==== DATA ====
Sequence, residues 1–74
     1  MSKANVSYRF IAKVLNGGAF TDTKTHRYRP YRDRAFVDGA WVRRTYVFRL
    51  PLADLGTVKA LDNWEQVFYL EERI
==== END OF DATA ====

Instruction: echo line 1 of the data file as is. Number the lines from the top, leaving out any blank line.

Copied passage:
Sequence, residues 1–74